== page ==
- Revenue-Producing Expenses: Expenses related to, say, shipping charges for selling stuff online are not included. I leave these out because I’m making money on the exchange, and I’m not including the profit.
Bottom line, the spirit of tracking expenses is to identify what you need to have in income in retirement. The small manipulations I make are in the spirit of creating an accurate picture for what my lifestyle expenses would be in retirement.
Oh, and just for the record (in case you’re new here), housing is expected to fall significantly in retirement. We build up about $1.4k in equity per month in our current home. In mid-2020 (retirement), I expect to have enough equity in our current NoVA home (~$200k equity) to be able to buy a similar house nearly outright (if there’s a small mortgage, that might be okay) in a far cheaper location. This plan to relocate is essential to our early retirement scheme.
Net worth rose 0.52% to $352,257 since my last update Dec. 3rd. The S&P was down 5.8% over this period, so I outperformed significantly. This isn’t due to some great investment performance or anything. Rather, I got my annual bonus, I’m accounting for my tax return as a receivable (since I know what it is now), I won $750 in fantasy football, my covered calls all paid off handsomely, and I had the usual debt paydowns.
A few general notes on net worth. First, net worth really doesn’t matter much at all. I’m much more concerned with the income generated from my investments rather than the value of those investments.
Second, everyone calculates net worth a little differently. I treat my life as a business. Meaning, I look at assets less liabilities. Liabilities are easy: any money I owe to somebody else. Assets are much more contentious. In business parlance, an asset is anything for which you will derive future economic benefit. In this way, you could include almost any good you own that has a fair market value or intangible asset (like the present value of my own future wages). However, that would sort of lose the spirit of net worth. For my net worth number, I include real assets like cars and homes, since I will be selling them at some point in the future and because I can borrow against their value (an economic benefit). For this same reason, I don’t include the value of things like my new Nikon camera, the basketball shorts I’m wearing, or extra rolls of toilet paper. I exclude these items because I’ll probably never sell them, I can’t borrow against them, the value is difficult to determine, or because the value is immaterial.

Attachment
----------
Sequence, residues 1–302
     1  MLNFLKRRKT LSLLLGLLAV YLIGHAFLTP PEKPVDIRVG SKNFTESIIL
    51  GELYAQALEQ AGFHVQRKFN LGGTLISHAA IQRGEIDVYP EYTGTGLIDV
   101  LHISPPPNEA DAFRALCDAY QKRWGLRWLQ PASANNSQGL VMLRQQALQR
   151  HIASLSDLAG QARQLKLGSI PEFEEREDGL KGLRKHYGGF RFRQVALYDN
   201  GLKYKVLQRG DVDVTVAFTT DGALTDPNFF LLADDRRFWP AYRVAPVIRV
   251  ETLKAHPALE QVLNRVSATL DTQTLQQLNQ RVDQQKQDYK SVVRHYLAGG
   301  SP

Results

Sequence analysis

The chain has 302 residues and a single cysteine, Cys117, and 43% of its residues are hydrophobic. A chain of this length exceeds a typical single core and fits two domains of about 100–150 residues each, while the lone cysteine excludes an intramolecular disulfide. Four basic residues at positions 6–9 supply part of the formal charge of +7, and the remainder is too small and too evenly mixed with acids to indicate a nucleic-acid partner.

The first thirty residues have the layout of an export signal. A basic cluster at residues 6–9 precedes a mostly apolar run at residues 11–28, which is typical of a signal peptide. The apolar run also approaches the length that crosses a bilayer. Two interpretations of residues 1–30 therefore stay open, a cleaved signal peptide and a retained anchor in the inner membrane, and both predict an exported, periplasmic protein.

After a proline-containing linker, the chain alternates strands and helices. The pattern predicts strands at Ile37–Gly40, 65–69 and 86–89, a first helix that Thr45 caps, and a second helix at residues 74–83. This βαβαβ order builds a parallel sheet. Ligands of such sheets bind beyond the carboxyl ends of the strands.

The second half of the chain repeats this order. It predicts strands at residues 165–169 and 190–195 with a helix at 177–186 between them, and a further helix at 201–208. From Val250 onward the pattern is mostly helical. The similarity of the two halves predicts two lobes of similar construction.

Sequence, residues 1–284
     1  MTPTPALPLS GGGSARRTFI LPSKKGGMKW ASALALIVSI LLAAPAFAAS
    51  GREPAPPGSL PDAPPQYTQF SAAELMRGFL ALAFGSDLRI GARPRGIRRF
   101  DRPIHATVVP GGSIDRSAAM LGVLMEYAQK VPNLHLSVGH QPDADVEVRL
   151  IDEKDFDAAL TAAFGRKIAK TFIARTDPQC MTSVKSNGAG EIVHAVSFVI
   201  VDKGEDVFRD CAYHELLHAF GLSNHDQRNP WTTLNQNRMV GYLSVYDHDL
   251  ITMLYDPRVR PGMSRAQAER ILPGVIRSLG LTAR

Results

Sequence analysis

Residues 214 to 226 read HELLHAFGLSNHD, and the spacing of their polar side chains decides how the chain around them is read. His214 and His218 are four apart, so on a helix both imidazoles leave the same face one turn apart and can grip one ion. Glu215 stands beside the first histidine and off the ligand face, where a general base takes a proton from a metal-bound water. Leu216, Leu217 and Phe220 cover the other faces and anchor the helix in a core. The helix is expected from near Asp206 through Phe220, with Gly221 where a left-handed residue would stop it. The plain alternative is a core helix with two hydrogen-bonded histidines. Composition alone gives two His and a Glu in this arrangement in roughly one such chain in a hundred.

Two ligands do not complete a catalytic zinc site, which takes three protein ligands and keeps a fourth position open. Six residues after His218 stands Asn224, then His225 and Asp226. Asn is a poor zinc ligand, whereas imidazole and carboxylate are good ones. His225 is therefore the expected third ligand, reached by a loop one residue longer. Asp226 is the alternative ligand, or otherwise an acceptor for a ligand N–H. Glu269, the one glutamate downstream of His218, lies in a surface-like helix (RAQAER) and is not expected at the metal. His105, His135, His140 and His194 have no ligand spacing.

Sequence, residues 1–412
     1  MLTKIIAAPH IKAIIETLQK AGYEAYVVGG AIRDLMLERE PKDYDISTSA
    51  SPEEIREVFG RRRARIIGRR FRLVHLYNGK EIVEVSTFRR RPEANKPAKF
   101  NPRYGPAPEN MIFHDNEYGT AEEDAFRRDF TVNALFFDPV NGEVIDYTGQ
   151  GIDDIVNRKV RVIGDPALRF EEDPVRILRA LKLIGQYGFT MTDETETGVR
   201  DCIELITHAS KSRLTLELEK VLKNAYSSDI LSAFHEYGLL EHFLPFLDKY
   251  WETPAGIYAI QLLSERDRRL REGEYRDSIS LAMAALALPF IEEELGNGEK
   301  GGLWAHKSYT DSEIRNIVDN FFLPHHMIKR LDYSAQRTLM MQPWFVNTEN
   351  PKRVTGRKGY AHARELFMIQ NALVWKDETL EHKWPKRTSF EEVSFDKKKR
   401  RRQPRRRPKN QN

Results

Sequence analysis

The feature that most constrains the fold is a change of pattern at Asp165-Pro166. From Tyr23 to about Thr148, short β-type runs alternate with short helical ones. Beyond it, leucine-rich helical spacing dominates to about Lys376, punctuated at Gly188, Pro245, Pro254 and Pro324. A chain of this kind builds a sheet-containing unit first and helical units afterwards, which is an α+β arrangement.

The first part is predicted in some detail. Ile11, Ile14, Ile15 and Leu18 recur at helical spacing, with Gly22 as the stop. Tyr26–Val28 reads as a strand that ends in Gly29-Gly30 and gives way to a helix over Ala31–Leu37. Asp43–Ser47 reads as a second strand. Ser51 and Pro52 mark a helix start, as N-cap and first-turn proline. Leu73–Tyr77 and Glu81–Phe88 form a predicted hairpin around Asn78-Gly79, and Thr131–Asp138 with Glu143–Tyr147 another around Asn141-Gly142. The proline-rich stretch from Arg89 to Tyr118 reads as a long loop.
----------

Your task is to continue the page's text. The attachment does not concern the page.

Just like with tracking expenses, what you include/exclude from your net worth number should be a fair and accurate reflection of your financial position. Most people don’t include “receivables” in their net worth, but I do. Currently on my credit cards are costs associated with things like tuition or work training that my work will reimburse me for within 30 days. I include the cost of these items in my consumer debt, so why wouldn’t I include the accounts receivable? Answer: I should. The same goes for earned but unpaid wages (which is usually zero, since I’m paid at end of the month and I record this as of the end of the month). The same goes for accrued vacation if your work offers a cash-out option (which mine does). I also include (in my investments) dividends that have gone ex-date but are not yet paid. These are dividends to which I have legal title, but haven’t been paid. I am owed this money, so I include it. I might one day exclude this number if it becomes immaterial. However, right now this amount of “owed dividends” runs constantly around $600, which is still a lot of money in my eyes.
That’s all for this report. Next one will come out in April, covering all of Q1 2016. Thanks for reading!
Previous Financial Reports: